Why I Write PG-rated Romance

For most of my life, I underestimated the power of romance novels. I certainly never saw myself writing one. I went to graduate school in English about twenty years ago, and during that time, we made fun of the kind of novelist I’ve become. So when I did get an idea to write a romance—patterned after Jane Austen’s Persuasion—I resisted the urge to write. I didn’t want to be a “romance writer.” But the idea for this novel wouldn’t leave my head, so I wrote it just for fun.

As I wrote, I began to see how important clean romance is. In a world where Shades of Gray has become a bestseller, we need authors who portray something different. I believe that women don’t need to be easy or submissive to gain a man’s respect. In fact, I believe the opposite is true.

When I began writing years ago, I experienced the difficulty of finding clean romance writers for my role models. There aren’t all that many of us, and before the e-book revolution, it was difficult to sort through all the options. Since then, I’ve learned that the kind of romance I write is called “Sweet Romance” and is characterized by no on-page sex, very little violence, and minimal mild language. Basically, it’s the kind of romance I’d give to my pre-teen daughter or my mother. Many of the Austen Authors write this kind of romance. Others of us write books that are a little sexier but that still reinforce a woman’s worth as an individual.

While I was writing my first novel, I started to notice what people around me were reading. I saw many teenage girls devouring chick lit. Some of them read more than a book a day. I also saw adult women carrying stacks of romance novels out of the library. Whether or not I liked it, romance was influencing the world around me. That’s when I decided that if I have anything to do with it, romance will be a voice for self-respect and commitment. Think about it: if done the right way, romance can teach women to see themselves as more than objects.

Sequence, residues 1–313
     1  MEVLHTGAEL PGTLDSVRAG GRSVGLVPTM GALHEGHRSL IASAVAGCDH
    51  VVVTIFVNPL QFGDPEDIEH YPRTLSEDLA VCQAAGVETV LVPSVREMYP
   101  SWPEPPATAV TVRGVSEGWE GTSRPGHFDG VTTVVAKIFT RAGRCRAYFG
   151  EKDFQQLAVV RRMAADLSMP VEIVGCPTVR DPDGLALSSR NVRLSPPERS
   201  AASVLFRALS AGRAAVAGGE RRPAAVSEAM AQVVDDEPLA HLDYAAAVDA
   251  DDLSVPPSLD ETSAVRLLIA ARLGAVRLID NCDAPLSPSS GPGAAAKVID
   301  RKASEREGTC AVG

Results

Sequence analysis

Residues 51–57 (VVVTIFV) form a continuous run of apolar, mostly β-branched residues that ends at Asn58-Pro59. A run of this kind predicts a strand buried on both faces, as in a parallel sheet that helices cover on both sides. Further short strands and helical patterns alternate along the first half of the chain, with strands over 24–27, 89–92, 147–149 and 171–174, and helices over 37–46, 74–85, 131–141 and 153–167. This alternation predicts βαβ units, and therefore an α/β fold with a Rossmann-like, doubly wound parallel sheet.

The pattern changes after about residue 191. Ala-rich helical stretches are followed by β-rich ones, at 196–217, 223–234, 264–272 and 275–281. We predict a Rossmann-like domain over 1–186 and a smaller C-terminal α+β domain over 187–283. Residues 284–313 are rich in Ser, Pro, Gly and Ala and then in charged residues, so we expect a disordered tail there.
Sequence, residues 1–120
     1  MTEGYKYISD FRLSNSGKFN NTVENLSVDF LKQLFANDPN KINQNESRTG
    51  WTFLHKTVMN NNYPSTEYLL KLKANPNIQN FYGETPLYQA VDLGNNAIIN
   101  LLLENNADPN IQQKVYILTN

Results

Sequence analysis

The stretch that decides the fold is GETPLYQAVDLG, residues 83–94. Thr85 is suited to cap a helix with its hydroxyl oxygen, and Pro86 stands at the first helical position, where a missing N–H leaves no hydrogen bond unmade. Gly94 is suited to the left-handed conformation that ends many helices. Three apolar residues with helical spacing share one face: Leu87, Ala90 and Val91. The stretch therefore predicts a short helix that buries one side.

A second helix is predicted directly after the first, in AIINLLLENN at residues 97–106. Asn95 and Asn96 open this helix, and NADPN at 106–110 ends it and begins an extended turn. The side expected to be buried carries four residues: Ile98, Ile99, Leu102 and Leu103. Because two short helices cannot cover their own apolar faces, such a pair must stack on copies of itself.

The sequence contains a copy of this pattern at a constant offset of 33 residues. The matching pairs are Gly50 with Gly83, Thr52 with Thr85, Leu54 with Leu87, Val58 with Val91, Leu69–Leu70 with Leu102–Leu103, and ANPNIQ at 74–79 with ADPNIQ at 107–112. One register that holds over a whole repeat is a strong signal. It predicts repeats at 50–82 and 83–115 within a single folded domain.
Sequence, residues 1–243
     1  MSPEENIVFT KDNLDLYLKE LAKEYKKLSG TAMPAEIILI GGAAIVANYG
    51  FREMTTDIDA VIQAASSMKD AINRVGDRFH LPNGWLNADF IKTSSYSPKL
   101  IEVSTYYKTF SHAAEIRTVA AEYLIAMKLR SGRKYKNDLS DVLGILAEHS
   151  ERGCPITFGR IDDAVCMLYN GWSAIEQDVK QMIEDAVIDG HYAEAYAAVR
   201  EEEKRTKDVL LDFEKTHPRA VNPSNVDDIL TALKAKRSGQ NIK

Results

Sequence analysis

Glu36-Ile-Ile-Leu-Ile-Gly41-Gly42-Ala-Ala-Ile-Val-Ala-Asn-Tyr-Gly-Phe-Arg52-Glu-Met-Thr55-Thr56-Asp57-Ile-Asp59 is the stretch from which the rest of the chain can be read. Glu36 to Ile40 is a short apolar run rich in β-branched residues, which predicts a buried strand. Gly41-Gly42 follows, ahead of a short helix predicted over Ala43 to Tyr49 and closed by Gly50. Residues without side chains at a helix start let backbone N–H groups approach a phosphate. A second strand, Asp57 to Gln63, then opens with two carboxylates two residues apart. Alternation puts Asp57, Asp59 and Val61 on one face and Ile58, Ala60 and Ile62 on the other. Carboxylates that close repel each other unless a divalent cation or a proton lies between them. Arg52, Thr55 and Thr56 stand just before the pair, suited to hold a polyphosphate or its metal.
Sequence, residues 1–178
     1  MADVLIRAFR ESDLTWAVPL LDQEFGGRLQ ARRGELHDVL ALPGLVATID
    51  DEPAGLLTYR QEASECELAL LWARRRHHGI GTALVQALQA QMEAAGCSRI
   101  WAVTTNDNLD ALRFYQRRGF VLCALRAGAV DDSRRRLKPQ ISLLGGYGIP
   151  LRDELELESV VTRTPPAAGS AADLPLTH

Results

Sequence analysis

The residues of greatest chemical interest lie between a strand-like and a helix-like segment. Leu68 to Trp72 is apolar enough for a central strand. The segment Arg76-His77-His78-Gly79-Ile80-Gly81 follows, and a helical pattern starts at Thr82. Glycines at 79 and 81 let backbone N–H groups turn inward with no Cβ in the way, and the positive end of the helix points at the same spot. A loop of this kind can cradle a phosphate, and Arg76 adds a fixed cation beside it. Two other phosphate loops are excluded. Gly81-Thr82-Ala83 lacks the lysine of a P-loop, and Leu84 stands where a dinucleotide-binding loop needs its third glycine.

Now I’ve written and published four books,all Sweet Romances, and occasionally people ask me if I plan to write in another genre, as if I’m wasting my talent writing Romance. The answer is that I might, but I’m happy where I am.


This week, for Valentine’s Day, the e-book of my latest Romance, Chemistry Lessons, is on sale for 99 cents. You can find it here.

30 Responses to Why I Write PG-rated Romance

  1. Thanks for telling us about your writing story, Rebecca. Personally, I don’t mind my romances a little bit spicier if the context is right and it adds to the plot, provided they don’t end up being as Don says, an OB-GYN textbook or just out-and-out porn. Most of the time though, and for much of the JAFF I read, I’m more than happy for most of, shall we say “the action”, to be left to my imagination. I’ve just put Chemistry Lessons on my Wish List for a time when my TBR list has reached more manageable proportions. It sounds like a lovely read.

  2. Thank you Rebecca for holding your ground in your writing. Like the others said, in an age when shocking is no longer shocking, perhaps the pendulum has begun to swing back toward more conservative writing. I know of young girls who were determined that their first kiss would be their engagement and the second would be at their wedding. Unreal? Yeah, in this day and age. However, it is a growing phenomenon. These girls did not date… it was a courtship with the intent of marriage. You may not believe me… but it is true. One was the daughter of a friend, and the others were relatives. Hold your ground… we honor you for your commitment.